Our authority for knowing truth depends on apostolic teaching. We have no other choice than to accept their teaching; after all, they learned it from Jesus himself. But we need to discover the things they added or changed, and reject these.
The assumption is that if all the Church Fathers agree on something it must be true. Some caveats...
It is important that the Early Church Fathers address the topic because they were closest to apostolic teaching. Certain teachings only slowly became prominent over time, but once they did it seems they became nearly universal. For example, the idea of strong, hierarchical bishops became common, but this is clearly a later development, not an apostolic teaching.
Ignatius writes very early that we are to do nothing without the bishop. But he has in mind some assumptions...
Ignatius would have never expected Christians to follow heretics, or those who exploit the people or cause their faith life to languish. Yet some bishops throughout church history have been in this category.
Ignatius clearly singles out heretics to be shunned, so even he excludes certain people from being valid Church leaders. But in subsequent generations, the mere performance of the rite of ordination took precedence over the need for ordained leaders to be qualified.
The bishops Ignatius speaks of have a close relationship with those in their congregations. They often preside over the mass and other rites and rituals such as marriage ceremonies.
The teaching that Christ instituted a new kind of marriage is nonsense.
The apostles did not pass down teachings they themselves did not teach. For example, they did not pass down the doctrine of indulgences; they had no notion of such a thing. This doctrine was invented later. This does not mean God won't honor it; certainly God gives us a lot of leeway to invent devotions which he will honor. But the point is, it was not passed down from the apostles.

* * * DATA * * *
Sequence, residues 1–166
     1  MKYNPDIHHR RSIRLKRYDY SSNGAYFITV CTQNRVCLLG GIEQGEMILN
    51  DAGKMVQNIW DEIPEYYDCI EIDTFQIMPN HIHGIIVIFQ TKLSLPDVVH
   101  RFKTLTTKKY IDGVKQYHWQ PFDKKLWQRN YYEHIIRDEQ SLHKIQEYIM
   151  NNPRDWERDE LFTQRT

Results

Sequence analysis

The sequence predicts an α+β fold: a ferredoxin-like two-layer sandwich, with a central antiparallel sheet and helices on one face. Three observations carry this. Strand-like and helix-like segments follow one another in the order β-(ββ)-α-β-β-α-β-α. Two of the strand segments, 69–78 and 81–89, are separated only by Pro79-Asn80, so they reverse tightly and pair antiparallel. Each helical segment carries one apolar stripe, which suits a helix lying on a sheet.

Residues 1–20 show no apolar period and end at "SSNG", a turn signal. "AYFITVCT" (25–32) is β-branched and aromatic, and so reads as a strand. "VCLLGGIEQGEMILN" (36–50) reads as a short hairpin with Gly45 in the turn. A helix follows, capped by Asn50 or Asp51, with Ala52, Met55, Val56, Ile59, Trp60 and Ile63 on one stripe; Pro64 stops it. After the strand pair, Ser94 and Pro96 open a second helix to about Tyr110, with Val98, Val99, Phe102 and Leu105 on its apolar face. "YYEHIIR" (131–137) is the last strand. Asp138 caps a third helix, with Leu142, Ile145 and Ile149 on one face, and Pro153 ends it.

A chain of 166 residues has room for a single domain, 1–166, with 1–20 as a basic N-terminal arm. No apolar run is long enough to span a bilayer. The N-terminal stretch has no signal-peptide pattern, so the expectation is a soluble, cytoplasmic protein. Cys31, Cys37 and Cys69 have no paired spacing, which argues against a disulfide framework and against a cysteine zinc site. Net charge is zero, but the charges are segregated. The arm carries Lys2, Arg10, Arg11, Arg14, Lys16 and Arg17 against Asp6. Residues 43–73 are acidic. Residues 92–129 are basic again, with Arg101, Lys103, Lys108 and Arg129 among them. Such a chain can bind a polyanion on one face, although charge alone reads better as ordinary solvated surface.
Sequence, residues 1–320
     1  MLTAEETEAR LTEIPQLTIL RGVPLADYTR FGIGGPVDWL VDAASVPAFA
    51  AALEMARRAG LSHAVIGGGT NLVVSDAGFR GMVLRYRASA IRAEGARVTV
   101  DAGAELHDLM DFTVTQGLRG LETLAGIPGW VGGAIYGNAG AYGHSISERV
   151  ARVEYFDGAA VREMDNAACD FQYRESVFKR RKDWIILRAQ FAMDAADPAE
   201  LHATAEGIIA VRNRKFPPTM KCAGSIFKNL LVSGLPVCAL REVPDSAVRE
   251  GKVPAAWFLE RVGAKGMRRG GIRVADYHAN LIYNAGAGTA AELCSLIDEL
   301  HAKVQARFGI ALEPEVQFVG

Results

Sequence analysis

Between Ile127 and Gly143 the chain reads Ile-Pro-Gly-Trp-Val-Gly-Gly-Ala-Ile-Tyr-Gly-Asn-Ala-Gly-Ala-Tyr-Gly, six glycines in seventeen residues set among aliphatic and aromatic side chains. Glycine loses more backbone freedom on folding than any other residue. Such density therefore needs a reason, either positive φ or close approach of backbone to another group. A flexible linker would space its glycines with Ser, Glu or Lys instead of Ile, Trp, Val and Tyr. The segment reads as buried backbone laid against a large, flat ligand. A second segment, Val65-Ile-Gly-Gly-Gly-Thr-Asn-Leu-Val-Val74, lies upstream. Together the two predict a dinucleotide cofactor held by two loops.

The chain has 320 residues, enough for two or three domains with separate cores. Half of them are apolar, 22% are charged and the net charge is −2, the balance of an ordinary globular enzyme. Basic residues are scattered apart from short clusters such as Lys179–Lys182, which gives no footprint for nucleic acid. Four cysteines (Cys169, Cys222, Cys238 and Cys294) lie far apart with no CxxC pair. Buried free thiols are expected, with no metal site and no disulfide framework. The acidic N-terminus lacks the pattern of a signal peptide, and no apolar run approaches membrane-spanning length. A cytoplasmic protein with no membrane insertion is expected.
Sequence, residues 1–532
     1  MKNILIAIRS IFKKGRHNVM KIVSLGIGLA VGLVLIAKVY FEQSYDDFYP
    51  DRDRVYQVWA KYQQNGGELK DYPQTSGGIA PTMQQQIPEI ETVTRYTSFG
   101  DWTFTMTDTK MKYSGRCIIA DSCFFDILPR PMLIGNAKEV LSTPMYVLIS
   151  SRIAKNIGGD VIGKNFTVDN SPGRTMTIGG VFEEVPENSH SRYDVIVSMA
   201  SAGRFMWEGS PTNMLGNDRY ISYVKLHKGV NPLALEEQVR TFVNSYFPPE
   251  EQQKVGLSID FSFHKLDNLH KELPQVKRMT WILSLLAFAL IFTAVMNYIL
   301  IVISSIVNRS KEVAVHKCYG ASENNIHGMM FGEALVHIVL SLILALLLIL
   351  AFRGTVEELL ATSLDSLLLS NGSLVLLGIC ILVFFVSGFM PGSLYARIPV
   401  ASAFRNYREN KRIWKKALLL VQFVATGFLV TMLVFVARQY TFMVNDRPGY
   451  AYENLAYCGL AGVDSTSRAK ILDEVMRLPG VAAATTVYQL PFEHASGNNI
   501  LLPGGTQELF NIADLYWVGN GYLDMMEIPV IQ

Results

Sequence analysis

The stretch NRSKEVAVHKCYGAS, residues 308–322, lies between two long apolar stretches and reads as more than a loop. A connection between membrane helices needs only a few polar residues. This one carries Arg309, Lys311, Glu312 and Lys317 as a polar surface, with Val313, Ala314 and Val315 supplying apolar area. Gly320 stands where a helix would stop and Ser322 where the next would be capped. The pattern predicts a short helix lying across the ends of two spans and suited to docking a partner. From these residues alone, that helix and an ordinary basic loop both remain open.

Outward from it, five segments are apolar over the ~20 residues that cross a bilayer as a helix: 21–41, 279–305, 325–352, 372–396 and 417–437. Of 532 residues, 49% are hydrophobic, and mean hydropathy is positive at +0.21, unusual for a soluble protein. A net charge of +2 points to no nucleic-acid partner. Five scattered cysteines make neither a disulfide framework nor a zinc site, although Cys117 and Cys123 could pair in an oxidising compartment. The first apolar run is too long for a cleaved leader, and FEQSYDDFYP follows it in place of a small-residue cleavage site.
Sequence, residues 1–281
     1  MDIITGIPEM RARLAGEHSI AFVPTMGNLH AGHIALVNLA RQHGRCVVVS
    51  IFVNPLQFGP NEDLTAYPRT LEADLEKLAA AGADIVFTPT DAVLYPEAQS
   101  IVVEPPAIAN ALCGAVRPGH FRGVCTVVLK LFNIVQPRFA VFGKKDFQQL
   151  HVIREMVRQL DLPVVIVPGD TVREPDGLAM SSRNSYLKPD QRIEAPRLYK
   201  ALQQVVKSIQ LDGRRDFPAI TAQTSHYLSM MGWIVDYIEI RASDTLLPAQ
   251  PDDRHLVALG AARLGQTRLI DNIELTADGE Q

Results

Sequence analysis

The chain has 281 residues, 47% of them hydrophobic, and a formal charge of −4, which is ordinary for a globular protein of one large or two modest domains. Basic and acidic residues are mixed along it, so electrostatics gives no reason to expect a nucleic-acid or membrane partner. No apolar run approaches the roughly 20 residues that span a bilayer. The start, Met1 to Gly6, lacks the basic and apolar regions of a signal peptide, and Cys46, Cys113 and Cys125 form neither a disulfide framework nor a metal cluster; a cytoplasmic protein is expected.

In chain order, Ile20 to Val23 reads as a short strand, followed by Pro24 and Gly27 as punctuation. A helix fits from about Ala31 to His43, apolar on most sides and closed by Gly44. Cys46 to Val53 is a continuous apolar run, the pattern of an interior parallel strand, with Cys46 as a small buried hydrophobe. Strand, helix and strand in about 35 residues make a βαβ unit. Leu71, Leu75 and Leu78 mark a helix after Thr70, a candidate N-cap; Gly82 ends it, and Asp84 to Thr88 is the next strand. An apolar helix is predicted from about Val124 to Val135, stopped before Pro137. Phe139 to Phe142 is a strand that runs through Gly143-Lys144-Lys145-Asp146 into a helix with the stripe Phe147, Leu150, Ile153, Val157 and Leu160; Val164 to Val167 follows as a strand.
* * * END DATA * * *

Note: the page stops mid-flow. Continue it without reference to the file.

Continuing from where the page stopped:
The apostles did not teach that certain of their statements were cultural, for example, those regarding women and hair length; so they did not pass on this notion of cultural teachings not for us today.
Certainly, Old Testament prophets sometimes uttered things they didn't fully understand which were interpreted by Jesus and the apostles. But this does not give the post-apostolic Church leaders license to interpret apostolic writings in a similar manner. The apostles were granted infallibility in their teachings; the subsequent Church leaders were not.
The questions are...
Protestants and Catholics alike agree doctrine develops, and I think it does to an extent. Certainly the statements of the Nicene Creed are doctrinal developments, as is the statement of faith of any denomination.
A further question is whether a true doctrine can contain information that the apostles didn't teach. In other words, if the apostles didn't teach it, they did not pass it on to subsequent generations, and the Holy Spirit did not intend it to be taught (because it is not true). I favor this view. Certainly we must apply apostolic teaching to new situations, but if they didn't teach something, it is not apostolic teaching.